A ‘code of silence’ in the Chicago Police Department must be broken — perhaps by adopting hotlines like those used in corporate America, according to the new head of the city’s police disciplinary agency.
“Those officers who are doing their jobs the right way must be responsible not only for themselves, but for their partners and colleagues who have gone astray,” said Lori Lightfoot, president of the Chicago Police Board.
“It is not enough that individual officers do their job with integrity. They cannot bear witness to misconduct by others, turn a blind eye and believe that all is well.”
That’s why the police board, which is conducting a search for a new police superintendent, has asked every one of the 39 candidates to write an essay on how they would get cops to speak out about their colleagues’ misconduct, Lightfoot said Tuesday in a speech to the City Club of Chicago.
“We have to think of creative ways to do that,” she told reporters after her speech. “We know in other environments — say, the corporate world — they have hotlines. … I think we can borrow some lessons from the corporate world along that line.”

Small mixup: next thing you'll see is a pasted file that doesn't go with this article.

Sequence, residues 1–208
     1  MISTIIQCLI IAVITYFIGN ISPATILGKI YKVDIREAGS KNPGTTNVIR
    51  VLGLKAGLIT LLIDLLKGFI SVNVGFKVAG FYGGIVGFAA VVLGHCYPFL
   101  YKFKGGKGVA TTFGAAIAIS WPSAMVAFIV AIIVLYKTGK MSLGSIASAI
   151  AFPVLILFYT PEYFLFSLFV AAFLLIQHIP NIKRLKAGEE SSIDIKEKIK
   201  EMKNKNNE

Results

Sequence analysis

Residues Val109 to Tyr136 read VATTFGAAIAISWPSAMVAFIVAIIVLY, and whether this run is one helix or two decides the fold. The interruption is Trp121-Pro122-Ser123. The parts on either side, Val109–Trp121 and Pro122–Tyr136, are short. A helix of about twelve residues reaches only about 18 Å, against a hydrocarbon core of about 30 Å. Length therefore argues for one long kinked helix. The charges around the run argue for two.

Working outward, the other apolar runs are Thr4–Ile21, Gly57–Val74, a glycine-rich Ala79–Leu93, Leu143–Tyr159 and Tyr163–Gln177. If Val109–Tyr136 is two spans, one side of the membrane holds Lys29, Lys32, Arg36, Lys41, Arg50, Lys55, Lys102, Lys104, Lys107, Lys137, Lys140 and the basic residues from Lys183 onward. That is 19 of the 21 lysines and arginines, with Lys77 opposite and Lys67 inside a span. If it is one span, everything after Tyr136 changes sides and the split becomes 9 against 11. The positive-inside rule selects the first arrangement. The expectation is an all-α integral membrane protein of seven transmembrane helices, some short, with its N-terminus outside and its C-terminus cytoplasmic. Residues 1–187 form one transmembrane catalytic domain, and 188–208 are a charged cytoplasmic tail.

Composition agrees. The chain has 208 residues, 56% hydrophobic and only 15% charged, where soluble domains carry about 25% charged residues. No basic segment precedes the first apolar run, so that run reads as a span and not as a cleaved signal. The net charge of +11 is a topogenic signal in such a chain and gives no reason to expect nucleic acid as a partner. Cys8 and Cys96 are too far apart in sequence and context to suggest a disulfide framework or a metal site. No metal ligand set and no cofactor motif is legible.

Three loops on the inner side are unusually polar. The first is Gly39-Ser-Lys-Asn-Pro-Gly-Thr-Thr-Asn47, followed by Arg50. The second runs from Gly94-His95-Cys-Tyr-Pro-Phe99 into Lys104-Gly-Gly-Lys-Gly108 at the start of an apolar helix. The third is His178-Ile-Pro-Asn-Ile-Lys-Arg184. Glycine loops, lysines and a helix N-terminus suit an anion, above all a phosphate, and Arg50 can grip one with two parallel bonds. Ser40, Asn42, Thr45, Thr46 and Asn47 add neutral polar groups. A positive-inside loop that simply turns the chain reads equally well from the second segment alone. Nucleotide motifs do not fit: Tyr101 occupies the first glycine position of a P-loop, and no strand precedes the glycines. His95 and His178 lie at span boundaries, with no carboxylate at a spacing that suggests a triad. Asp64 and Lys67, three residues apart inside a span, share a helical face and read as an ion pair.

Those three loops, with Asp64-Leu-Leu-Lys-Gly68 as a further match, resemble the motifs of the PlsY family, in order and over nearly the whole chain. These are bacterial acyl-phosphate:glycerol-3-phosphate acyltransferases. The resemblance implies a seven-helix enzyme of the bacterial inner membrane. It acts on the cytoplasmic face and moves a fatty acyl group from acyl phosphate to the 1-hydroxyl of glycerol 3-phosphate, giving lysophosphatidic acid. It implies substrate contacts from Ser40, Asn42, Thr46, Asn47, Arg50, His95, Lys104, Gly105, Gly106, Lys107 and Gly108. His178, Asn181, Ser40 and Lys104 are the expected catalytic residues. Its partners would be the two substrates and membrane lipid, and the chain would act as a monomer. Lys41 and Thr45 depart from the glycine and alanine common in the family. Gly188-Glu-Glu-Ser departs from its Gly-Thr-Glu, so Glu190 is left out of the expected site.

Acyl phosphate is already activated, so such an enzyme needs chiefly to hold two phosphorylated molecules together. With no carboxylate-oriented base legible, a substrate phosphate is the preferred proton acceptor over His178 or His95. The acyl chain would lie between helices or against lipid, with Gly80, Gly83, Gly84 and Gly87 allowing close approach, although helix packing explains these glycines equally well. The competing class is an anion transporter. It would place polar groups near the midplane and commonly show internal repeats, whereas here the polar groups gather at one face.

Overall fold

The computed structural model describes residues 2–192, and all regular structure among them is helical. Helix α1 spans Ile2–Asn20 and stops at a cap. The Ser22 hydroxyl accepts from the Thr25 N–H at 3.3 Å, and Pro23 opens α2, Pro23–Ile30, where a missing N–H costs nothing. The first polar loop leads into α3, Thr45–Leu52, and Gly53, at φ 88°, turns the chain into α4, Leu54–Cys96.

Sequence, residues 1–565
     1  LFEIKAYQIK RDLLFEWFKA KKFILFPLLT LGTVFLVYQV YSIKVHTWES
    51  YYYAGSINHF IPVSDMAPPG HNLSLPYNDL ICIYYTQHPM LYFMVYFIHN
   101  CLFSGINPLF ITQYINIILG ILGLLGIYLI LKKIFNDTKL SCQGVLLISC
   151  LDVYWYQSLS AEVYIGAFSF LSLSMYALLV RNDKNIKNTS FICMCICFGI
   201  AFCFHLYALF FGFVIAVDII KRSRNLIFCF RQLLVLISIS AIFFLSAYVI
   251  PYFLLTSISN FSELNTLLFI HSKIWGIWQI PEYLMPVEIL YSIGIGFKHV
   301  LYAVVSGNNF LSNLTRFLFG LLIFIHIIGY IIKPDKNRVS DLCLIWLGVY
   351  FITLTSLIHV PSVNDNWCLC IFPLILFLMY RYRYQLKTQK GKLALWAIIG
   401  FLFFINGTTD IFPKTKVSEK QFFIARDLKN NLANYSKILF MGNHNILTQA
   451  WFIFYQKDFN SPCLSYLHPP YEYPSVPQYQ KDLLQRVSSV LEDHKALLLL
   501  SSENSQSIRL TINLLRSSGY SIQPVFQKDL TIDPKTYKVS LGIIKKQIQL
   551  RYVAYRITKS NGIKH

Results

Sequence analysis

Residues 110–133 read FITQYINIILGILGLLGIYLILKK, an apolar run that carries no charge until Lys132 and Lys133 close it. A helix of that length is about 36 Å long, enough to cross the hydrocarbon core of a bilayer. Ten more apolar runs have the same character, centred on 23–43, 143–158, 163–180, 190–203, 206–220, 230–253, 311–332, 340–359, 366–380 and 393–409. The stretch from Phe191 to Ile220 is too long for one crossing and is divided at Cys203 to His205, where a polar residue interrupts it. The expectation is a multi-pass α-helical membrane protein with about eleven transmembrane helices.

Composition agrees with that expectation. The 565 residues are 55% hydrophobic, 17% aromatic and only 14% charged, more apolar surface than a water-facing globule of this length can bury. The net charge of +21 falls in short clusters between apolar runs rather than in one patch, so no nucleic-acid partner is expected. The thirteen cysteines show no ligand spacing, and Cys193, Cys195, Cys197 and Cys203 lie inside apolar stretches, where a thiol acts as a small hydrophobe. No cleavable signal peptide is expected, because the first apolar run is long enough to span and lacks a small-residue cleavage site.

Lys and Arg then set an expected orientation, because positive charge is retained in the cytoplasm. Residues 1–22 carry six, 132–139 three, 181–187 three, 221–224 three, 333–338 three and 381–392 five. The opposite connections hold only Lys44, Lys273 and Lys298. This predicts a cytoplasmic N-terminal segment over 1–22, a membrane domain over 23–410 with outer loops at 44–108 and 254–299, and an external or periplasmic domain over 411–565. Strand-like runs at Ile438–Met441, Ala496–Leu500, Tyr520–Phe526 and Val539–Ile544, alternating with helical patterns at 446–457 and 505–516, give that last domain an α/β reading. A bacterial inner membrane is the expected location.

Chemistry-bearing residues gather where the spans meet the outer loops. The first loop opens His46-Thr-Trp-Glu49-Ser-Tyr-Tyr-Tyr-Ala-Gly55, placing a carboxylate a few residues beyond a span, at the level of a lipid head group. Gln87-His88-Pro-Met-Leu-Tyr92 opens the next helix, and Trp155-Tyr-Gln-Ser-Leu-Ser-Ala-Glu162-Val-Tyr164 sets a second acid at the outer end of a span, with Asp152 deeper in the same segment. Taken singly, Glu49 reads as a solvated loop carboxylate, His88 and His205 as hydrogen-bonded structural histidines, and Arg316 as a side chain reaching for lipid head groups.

Lightfoot said sergeants also must be held accountable for the officers they supervise.
She said she hopes the police board will present the names of three final candidates for superintendent to Mayor Rahm Emanuel by the end of February.
Asked about an alderman’s proposal to force the city to release videos of police-involved shootings to the public within 14 days of the incident, she said: “14 days, frankly, strikes me as a little soon.”
But Lightfoot, a former federal prosecutor, said a separate police reform panel that she also sits on is considering whether the city should publicize the names of police officers involved in shootings, each of which is investigated by the Independent Police Review Authority.
Currently, the city’s contract with the Fraternal Order of Police prevents the department from releasing the names of officers under investigation. The contract expires on June 30, 2017.
Lightfoot acknowledged that officers are coming under more scrutiny than ever — and that some are balking at it.
“Welcome to the real world,” said Lightfoot, who is now a partner at the law firm Mayer Brown.